- Read labels before buying household cleaners and other products. Become an environmentally friendly consumer by avoiding products containing certain ingredients. Products labeled "caution" are usually the least toxic. "Warning" indicates moderate toxicity and "danger" or "poison" mean extremely toxic.
- Use safe substitutes. Most cleaning challenges can be met with baking soda, salt, borax, vinegar or elbow grease in one combination or another.
- Buy only as much of a household chemical as you need. Why pay extra and let some chemical sit around the house for years? Use cleaners, paints and other chemicals sparingly and minimize waste and spills. Store leftovers in sturdy, airtight, labeled containers. Use things up or give them to friends.
- Do not pour paints, preservatives, brush cleaners, or solvents down the sink, toilet, or storm drain. Clean up brushes and buckets at the sink, not the gutter.
Chemicals & Their Alternatives
Take care with chemicals. Almost three-quarters of Delmarva's coastal bays have unacceptably high chemical levels. Apply pesticides sparingly and never dispose of detergents, paints, oils, or wood preservatives in storm drains or septic systems.
Substitute bay-friendly cleaners for abrasive ones. Use chemicals less often or rotate use with non-toxic chemical alternatives listed below.
- All purpose cleaner: add a cup of vinegar to a pail of water or mix liquid castile soap and baking soda or borax in like amounts to two-gallon bucket.
- To disinfect: 1 cup borax or sodium carbonate dissolved in a gallon of hot water.
- Wash glass with one part vinegar to every four parts water as, if needed add 3 teaspoons of ammonia.
- To deodorize carpet: sprinkle with baking soda and vacuum 30 minutes later
- Oven Cleaner mix 2 teaspoons of borax and 2 tablespoons of liquid soap in a spray bottle of water and scrub. Or try baking soda and steel wool.
- To polish furniture: mix 2 tsp of lemon oil and one pint mineral oil in a spray bottle
- Tub and tile: 1/4 cup baking soda, « cup vinegar, 1 cup of ammonia and one gallon of water
- Drain Cleaner: 1 cup of each; baking soda, salt, and white vinegar. Pour into drain, wait 15 minutes. Flush with boiling water.
- Stainless steel polish: baking soda or mineral oil for shine
- Mildew remover: Lemon juice (or white vinegar) with salt
- Pesticide alternative: 2.5 T-spoons of liquid soap, with 2.5 teaspoons in a gallon of water.
- Surface cleaners: Mix one quart warm water, one teaspoon mild dishwashing liquid, one teaspoon borax and a splash of vinegar.
- Linoleum Floor Cleaner: Mop with one cup of white vinegar mixed with two gallons of water to remove dull greasy film.
- Machine wash only full loads of laundry and dishes.
- Take short showers instead of baths.
- Choose low-flush toilets.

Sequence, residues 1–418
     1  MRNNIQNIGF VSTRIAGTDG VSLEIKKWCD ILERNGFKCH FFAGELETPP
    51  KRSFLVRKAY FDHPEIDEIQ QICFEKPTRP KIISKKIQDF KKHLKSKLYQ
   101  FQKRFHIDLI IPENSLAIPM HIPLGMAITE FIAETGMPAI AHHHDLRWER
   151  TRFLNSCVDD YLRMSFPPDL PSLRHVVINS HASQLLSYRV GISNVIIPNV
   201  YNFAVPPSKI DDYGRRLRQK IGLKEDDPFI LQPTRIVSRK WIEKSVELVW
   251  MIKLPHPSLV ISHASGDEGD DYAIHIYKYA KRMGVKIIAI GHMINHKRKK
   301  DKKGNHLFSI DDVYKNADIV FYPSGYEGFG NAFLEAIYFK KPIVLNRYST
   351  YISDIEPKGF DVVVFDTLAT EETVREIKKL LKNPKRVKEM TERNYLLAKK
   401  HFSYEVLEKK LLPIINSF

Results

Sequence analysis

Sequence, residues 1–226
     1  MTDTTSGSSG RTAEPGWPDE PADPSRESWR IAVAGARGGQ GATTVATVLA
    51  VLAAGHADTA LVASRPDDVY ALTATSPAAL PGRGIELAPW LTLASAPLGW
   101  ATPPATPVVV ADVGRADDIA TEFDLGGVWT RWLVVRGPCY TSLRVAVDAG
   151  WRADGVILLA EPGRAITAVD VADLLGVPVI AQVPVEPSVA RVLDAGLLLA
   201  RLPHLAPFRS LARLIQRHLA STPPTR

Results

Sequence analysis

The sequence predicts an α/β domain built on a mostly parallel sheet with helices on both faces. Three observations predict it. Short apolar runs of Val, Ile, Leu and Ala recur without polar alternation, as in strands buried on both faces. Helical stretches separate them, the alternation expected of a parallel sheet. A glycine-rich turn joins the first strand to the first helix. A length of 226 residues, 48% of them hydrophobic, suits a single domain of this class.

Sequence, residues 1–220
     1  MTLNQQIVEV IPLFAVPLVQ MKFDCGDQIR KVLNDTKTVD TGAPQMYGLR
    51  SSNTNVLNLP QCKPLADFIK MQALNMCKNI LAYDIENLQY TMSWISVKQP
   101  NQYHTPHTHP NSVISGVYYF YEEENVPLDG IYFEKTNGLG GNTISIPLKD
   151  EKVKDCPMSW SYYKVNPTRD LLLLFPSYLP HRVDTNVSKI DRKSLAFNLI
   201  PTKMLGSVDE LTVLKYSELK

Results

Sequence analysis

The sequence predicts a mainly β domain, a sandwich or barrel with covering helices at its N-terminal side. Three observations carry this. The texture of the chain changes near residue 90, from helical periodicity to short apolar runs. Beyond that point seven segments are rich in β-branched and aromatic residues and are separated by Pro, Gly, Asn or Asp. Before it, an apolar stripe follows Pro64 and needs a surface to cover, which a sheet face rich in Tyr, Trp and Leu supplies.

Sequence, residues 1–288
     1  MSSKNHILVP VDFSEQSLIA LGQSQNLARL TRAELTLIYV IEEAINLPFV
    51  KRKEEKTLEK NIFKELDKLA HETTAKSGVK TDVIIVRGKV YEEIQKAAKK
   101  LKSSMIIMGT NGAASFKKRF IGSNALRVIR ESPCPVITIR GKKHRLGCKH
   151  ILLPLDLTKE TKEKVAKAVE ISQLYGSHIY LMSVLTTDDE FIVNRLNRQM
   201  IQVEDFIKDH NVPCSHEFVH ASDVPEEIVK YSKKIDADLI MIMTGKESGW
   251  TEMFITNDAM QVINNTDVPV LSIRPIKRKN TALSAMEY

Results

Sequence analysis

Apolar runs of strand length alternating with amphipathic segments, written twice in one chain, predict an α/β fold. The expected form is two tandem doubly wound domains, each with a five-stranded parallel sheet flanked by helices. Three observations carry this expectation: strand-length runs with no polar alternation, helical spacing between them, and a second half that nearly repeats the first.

- Place one or two half-gallon bottles in your old toilet to reduce water used for flushing.
- Don't let tap water run while brushing teeth, washing dishes, or shaving.
- Install low-flow shower heads and faucets and fix any leaks immediately. Ask your hardware store and about water-saving devices for shower heads, faucets and garden hoses. Always use a trigger nozzle on your hose.
- Adjust household water pressure to 30 psi
- Use front loading clothes washers which use half as much water as top loaders.
- Install a new high performance, water-saving showerheads and faucets.
- It will cut the cost of your showers in half. The cost is minimal and they are east to install.
Recycling is an important way for individuals and businesses to reduce the waste they generate and reduce the negative impact of that waste. Recycling conserves our natural resources, saves landfill space, conserves energy, and reduces water pollution, air pollution and the green house gas emissions that cause global warming.
Together, Reducing, Reusing, Recycling and buying Recycled products make up a comprehensive waste and resource reduction strategy that benefits our natural world and our economy. Read these facts below for more information:
- Making products with recycled material slows the depletion of non-renewable resources such as metal, oil and natural gas, and reduces the encroachment of new mining and drilling operations.
- Conserving renewable resources through recycling also helps preserve undisturbed land and natural diversity by reducing the amount of land needed for agriculture and timber production.
- It generally takes less energy to make products with recycled materials than virgin materials, often significantly less. For example, it takes 20 times more energy to make aluminum from bauxite ore than using recycled aluminum. Recycling one aluminum can saves enough energy to power a computer for 3 hours.
- Benefits of reduced energy consumption include reduced costs and reduced dependence on foreign suppliers.
- Keeping recycleable items out of our landfills keeps air and water cleaner, reduces the need for Ohio to build new or expanded landfills, and conserves resources by putting existing materials back to good use.